Wednesday, October 13, 2010

Fascincating Debate On Climate Change

Bill McKibben writing in The New Republic tries to make the case that conservatism should be on the side of fighting climate change:
Conservatism has always stressed stability and continuity; since Burke, the watchwords have been tradition, authority, heritage. The globally averaged temperature of the planet has been 57 degrees, give or take, for most of human history; we know that works, that it allows the world we have enjoyed. Now, the finest minds, using the finest equipment, tell us that it’s headed toward 61 or 62 or 63 degrees unless we rapidly leave fossil fuel behind, and that, in the words of NASA scientists, this new world won’t be “similar to that on which civilization developed and to which life on earth is adapted.” Conservatives should be leading the desperate fight to preserve the earth we were born on.

He then blames the deification of the market:
If Arctic ice disappears, no young John Galt is going to remake it in his garage. The essential question is: Is the environment a subset of the economy, or is it the other way around? Or, more combatively, you really think you can out-argue physics? Hayek’s good, but atmospheric chemistry is a tough opponent.

Jim Manzi then replies:
This is the crux of problem with McKibben’s argument: According to the IPCC, the expected economic costs of global warming are about 3 percent of GDP more than 100 years from now. This is pretty far from the rhetoric of global devastation that McKibben, and so many others, use.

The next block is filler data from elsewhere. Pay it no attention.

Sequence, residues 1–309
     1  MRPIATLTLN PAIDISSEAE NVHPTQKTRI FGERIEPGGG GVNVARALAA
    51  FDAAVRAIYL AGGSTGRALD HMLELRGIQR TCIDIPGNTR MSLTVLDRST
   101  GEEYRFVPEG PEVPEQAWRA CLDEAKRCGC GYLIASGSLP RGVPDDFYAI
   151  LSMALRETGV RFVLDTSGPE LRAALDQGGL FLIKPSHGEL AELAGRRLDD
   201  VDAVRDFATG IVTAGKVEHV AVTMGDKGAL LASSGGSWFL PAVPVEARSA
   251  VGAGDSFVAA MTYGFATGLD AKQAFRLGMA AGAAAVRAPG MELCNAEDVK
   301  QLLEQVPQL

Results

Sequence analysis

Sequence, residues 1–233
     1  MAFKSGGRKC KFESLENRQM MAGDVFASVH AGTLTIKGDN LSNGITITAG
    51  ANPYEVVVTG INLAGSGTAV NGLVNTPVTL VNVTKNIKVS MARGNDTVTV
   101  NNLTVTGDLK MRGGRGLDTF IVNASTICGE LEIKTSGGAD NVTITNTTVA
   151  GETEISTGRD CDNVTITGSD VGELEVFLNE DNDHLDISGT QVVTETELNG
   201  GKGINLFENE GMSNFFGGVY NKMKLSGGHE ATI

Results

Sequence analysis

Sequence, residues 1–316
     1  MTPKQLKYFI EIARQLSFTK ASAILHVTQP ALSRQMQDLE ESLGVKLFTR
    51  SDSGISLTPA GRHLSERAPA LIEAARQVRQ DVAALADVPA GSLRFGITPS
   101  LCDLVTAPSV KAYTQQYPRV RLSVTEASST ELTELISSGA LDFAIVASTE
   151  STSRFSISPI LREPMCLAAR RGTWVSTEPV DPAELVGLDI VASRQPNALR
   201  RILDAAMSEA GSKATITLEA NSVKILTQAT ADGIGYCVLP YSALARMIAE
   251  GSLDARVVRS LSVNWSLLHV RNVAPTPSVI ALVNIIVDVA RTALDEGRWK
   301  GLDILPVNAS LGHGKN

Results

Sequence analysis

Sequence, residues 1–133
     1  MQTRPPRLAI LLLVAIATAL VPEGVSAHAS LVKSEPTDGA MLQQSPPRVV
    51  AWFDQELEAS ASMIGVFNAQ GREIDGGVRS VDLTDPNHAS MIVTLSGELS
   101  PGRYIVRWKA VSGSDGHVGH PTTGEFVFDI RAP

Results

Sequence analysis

What intrigues FLG here is that his time horizons theory as well as the separation of facts and values come to the fore. FLG doesn't have time to spell it all out, but he will boil it down.

McKibben sees a fact, the Earth is warming, and then immediately applies a set of values, including valuing the present, to arrive at a conclusion -- we need to stop it and so do conservatives.

Jim Manzi goes so far as to grant the facts, generally speaking, and but then, and this is where his conservatism arises, questions how the facts are meaningful to people. Yes, the Earth is warming, but by all accounts trying to fight it would make humans worse off than letting it go and adapting. It's not the Earth that matters, but how it will affect its inhabitants.

The thing is that McKibeen doesn't seem to realize he is applying values. The tone of his article is dripping with the assumption that rational people, presented with the facts, can arrive at no other conclusion than the one he has. As if he wasn't applying any values whatsoever to the facts.

Put simply -- Hayek isn't fighting atmospheric chemistry. Atmospheric chemistry, as a science, is the pursuit of knowledge of what is, not what ought. It makes no prescriptions. The transition to ought involves something beyond atmospheric chemistry -- normative assumptions -- which have no place in science. If McKibeen cannot see that, then he's not a very pensive person.

1 comment:

Anonymous said...

Uh Oh. dave.s.

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